Delightfully adapted from Martin Sixsmith’s acclaimed novel The Lost Child of Philomena Lee (2009), director Stephen Frears and writer Steve Coogan set the tone for this triumphant film with a strong mixture of comedy and tragedy throughout its 94 minute running time.
Straight from the outset, the laughs are brought out in the opening scene where Coogan’s Martin gives awkward answers about his health and career prospects to a concerned doctor. Humiliated by his own government, this is a man who has become so desperate to avoid the media limelight that he is prepared to write books on Russian history. In stark contrast, we have poor and weary Philomena looking sad and regretful as she reflects on her troubled past.
The moments of trauma are captured effectively by the grainy use of camera-work to showcase 1950s Ireland as we witness the tough and traumatic experience that she had to go through in watching her child be taken from her. Ultimately it takes around fifteen minutes for our two leads to meet on screen (at a Harvester pub of all places!), but once that happens, both actors are able to hit
it off from the word ‘go’.
What makes the film most successful is the fantastic central relationship between the two leads as Dench and Coogan’s on-screen pairing brings about plenty of witty yet touching dialogue. While Philomena is more of a warm-hearted individual, Martin displays cynicism and a bit of arrogance that won’t come as a surprise to those who show a dislike to journalists!
But as the film progresses, the duo begin to develop a strong bond once they arrive in Washington DC. This segment of the film produces several moments of complete hysteria from some of the cracking lines of dialogue from Coogan’s script but also instances of utter devastation as the whereabouts of Anthony are finally revealed in heartbreaking manner. Fortunately those raw scenes are eventually cut down by flashes of comedy, which completely bamboozle the audiences but enable us to appreciate the dramedy factor of this film. Even when the ‘reveal’ takes place, the story doesn’t finish there as Philomena and Martin continue their quest to uncover more information about what Anthony has achieved throughout his life with Super 8 footage used to capture the realistic feel.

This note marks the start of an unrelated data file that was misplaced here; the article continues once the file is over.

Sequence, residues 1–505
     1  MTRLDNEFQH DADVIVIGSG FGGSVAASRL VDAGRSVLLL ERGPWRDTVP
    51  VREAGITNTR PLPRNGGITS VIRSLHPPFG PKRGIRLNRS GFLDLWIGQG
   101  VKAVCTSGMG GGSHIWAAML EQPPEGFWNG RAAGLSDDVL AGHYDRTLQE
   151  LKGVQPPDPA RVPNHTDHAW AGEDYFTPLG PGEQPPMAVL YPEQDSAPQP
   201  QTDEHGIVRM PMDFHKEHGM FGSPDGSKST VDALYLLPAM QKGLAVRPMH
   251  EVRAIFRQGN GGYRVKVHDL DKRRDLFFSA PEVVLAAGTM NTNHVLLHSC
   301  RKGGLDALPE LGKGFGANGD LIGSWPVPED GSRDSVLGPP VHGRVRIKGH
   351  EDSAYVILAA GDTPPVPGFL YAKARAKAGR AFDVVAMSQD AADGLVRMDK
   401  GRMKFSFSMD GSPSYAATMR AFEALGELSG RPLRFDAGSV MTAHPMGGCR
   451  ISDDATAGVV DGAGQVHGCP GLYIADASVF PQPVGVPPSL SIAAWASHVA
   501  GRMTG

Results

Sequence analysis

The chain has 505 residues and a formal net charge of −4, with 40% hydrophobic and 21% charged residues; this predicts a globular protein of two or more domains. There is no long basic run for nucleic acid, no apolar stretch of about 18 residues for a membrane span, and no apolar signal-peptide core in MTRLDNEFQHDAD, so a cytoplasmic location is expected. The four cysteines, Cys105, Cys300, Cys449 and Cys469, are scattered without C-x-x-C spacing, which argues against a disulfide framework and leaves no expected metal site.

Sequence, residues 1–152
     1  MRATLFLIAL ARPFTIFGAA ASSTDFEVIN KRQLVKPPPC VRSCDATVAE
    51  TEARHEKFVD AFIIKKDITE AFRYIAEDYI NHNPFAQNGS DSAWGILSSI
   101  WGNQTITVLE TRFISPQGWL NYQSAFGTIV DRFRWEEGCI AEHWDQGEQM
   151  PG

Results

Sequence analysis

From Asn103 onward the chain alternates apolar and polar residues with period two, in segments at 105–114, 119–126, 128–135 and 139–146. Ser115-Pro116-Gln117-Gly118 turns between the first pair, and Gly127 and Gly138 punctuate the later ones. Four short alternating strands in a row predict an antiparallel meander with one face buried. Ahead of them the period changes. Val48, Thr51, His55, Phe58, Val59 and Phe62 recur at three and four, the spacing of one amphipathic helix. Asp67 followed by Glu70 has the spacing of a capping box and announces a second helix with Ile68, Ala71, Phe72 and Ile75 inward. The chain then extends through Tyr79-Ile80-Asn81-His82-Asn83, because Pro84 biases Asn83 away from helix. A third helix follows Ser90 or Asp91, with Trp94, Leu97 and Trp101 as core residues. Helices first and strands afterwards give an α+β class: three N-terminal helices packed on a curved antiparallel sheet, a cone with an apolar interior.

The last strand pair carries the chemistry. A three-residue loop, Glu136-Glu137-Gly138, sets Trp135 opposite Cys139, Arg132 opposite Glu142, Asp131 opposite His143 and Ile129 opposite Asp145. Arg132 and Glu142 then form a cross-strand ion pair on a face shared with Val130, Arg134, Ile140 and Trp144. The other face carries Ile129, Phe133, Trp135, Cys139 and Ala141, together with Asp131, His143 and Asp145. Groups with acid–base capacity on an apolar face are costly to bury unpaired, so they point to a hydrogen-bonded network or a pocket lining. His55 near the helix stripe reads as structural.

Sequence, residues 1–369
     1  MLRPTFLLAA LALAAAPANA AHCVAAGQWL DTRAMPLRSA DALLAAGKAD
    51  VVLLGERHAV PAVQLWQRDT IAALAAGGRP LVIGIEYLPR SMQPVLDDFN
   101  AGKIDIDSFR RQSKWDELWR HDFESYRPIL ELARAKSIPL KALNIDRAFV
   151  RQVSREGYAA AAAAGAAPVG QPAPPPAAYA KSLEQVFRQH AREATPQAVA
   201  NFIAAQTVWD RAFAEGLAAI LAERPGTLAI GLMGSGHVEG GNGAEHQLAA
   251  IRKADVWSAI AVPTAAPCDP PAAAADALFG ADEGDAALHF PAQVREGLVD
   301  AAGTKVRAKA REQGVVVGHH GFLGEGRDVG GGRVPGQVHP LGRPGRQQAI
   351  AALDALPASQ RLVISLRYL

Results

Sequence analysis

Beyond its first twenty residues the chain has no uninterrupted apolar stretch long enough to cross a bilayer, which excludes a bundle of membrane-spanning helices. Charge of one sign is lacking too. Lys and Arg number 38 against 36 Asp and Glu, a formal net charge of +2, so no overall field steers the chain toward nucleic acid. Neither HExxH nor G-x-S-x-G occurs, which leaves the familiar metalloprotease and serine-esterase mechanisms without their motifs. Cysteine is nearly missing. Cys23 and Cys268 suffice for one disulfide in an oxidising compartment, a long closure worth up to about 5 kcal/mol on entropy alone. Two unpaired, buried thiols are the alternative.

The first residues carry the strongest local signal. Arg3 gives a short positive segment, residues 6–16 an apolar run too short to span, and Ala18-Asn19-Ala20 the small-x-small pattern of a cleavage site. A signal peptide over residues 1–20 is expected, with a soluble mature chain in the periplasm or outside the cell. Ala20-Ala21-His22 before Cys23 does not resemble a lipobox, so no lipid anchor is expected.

In what is set to be a competitive year for Oscar-worthy performances, Judi Dench truly shines in her touching role as Philomena as she brings endearing warmth to a character who suffers pain throughout but also displays moments of comedy gold through her well-tinkered Irish accent. Following on from his recent success with Alan Partridge: Alpha Papa, Coogan continues to use perfect comic-timing to his advantage but also decides to go down the more endearing
road of making us root for Martin particularly in the post-America scenes.Other cast members are somewhat sidelined by the two excellent leads though Anna Maxwell Martin is able to display subtlety with her role as Philomena’s concerned daughter. Plaudits should also go to renowned composer Alexandre Desplat as he creates a haunting and emotional score that showcases the tone of the film.
What does bring Philomena down a touch is its controversial ridicule of religious authority particularly the Catholic Church. While it may lack the shocking depiction that Peter Mullan captured in his gritty film, The Magdalene Sisters(2002), a more crowd-pleasing offering like this one is likely to cause offense as the nun characters are presented as vastly cruel and unsympathetic in both past and present sequences. The media are also presented as a little too harsh with Michelle Fairley (Game of Thrones’ Catelyn Stark) bearing the brunt as an news-
hungry editor who lacks a conscience when interrogating Martin to get more out of Philomena’s story.
Nuns won’t appreciate it much but Stephen Frears’ wonderful film evokes the perfect blend of hilarious charm and harsh devastation in Britain’s latest cinematic triumph with Dench and Coogan a pure delight to watch together. If Oscar doesn’t reward it, then hopefully BAFTA will!